Thursday, 16 December 2010

SBS: Texas: Jose Herrera

Chris Paschenko : December 16, 2010
LEAGUE CITY — After reviewing evidence that prompted the state to accuse a father of killing his only son, a defense expert testified Wednesday the fractures and bruises occurred after the infant died.
During seven days of testimony, prosecutors and defense attorneys have disagreed whether cardiopulmonary resuscitation could have caused 14 rib and spine fractures, bruising, hemorrhages, abrasions and blood in the boy’s abdomen.
Jose Isaias Herrera, 20, was charged with injury to a child causing serious bodily injury, stemming from the Oct. 27, 2008, death of 6-week-old Jose Herrera Jr.
The boy, called Baby Jose at trial, was found dead, face down in a crib in his parents’ League City town home.Evidence revealed Herrera, who has yet to testify, performed CPR on the child’s body after it was cold and rigor mortis had begun.
Prosecutors called three medical examiners, two from Galveston County and another from Bexar County, who all testified the child was alive when the injuries occurred.
They didn’t all agree about whether the child had been shaken or whether the cause of death was blunt-force trauma.
Dr. Thomas Young, a former medical examiner in Kansas City, Mo., used some of the same evidence presented at trial, autopsy photographs and specimen slides, to form his opinion.
Evidence Of Healing?
The state’s experts testified they found evidence of healing, including in a rib that was broken possibly two weeks before death.
The state also showed the jury photographs of blood around the fractured spine and ribs as evidence of blood flow when the injuries were inflicted.
Young disagreed, saying cardiopulmonary resuscitation caused the fractures and the movement of a small amount of blood behind the skin and in the child’s eyes. This could have been confused with tissue hemorrhage, he said.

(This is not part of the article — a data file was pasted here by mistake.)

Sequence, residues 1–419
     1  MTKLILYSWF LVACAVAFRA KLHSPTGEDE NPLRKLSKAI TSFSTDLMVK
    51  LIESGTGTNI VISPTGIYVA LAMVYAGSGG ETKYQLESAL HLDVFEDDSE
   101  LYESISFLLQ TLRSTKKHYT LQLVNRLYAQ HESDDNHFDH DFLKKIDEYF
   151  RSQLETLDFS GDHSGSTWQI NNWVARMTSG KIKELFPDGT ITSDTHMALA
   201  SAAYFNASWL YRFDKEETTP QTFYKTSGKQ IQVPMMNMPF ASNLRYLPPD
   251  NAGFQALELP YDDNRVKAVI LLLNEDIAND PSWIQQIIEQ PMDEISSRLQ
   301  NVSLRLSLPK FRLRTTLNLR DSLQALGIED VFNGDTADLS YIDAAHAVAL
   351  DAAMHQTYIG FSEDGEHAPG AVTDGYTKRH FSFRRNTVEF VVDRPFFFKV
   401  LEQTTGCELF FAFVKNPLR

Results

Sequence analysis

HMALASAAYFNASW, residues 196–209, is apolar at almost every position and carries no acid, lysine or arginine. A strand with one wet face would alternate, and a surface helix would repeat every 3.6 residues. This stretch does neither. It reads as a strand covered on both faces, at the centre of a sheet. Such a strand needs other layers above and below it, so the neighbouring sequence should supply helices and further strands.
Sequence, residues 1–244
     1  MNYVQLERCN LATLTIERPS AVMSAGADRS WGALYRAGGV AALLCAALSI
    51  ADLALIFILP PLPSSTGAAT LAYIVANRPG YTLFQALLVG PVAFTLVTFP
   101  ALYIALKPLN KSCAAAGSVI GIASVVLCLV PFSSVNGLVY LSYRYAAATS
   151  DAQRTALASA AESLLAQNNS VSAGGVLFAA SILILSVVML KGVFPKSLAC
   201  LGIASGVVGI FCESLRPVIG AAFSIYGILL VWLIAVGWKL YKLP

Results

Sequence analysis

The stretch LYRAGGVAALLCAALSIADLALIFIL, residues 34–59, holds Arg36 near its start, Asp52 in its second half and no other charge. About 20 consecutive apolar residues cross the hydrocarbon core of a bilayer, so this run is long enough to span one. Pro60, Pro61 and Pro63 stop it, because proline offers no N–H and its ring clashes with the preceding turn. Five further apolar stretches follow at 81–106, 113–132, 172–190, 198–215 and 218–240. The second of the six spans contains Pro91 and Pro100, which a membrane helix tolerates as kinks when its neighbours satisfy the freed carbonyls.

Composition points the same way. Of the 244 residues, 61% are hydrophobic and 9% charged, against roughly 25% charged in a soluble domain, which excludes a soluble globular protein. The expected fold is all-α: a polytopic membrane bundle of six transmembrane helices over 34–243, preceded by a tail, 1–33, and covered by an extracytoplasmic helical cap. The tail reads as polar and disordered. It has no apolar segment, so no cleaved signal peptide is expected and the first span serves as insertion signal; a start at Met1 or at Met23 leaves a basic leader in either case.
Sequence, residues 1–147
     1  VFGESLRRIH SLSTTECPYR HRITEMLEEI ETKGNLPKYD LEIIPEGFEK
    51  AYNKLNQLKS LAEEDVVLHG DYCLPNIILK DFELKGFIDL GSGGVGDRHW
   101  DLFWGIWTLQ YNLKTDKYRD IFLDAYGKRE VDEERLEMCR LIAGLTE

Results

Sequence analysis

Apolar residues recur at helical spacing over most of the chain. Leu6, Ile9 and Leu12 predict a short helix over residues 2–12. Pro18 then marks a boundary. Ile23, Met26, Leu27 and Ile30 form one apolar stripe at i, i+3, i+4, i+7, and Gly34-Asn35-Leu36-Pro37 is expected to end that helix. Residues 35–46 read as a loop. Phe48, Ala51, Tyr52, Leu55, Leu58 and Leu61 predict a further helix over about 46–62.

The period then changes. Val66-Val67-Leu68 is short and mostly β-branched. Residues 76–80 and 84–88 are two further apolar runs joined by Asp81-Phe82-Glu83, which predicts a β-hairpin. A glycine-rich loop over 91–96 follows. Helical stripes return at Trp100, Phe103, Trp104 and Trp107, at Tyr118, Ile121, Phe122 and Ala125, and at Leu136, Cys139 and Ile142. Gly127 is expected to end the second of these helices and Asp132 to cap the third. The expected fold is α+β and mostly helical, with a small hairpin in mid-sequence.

“Hemorrhagic lividity is not trauma,” Young said. “This is something that happens after death.”
Young agreed with Galveston County Chief Medical Examiner, Dr. Stephen Pustilnik, that the child didn’t die from shaken baby syndrome.
Galveston County Deputy Medical Examiner Nobby C. Mambo, who did most of the autopsy, told the jury in Judge Lonnie Cox’s 56th District Court in Galveston on Tuesday that he believed the child had been shaken violently.
Blood Settled After Death
Blood in the boy’s eyes also was hemorrhagic lividity — blood settled after death, Young said.
“Due to the effect of gravity on blood and blood cells after death, they settle so much in some areas,” Young said. “Blood vessels are engorged and leak a little bit, then you get these areas that look like hemorrhage.”
In cardiopulmonary resuscitation after death, the oozing of blood is expected, Young said.
Young said he would expected more blood loss had the child been alive when the injuries occurred.
Mambo reported finding about 10 percent of the boy’s blood in the abdomen and nine grams of blood clot.
“If you have injuries sufficient to break blood vessels in the abdomen, yet only a small amount of blood-volume loss, that’s consistent with postmortem and CPR,” Young said.
Young said he would have ruled the child’s death a case of Sudden Infant Death Syndrome. He said he would have listed the death as undetermined.
Bexar County Medical Examiner Randall E. Frost, who testified for the state, said he also would have listed the death as undetermined.
Defendant Had Temper?
Herrera’s mother, Irasena Herrera, testified Wednesday. She was the first defense witnesses called after the state rested late Tuesday afternoon.
Prosecutors portrayed the defendant as a hot-tempered man who didn’t believe the baby was his and who didn’t show enough remorse about the baby’s death.
Irasena Herrera testified she and her husband once each had to call police to their home after “discussions” with him.
Irasena Herrera, who came to Texas 15 years ago from Mexico, said she knew her son was devastated by losing his only son. He was quiet, “suffering in silence,” she said.
Herrera was very sad at the funeral, she said.
“There was no consoling him,” Irasena Herrera testified.
Prosecutor Donna Goode asked Herrera about recorded jail conversations with her son.
“You remember saying to your son, ‘Nobody saw you do anything?’” Goode asked. “You were trying to come up with somebody to blame for those injuries?”
No, Herrera said.
Testimony was expected to resume today. Herrera also is expected to testify during the trial, defense attorney Jeth Jones said.

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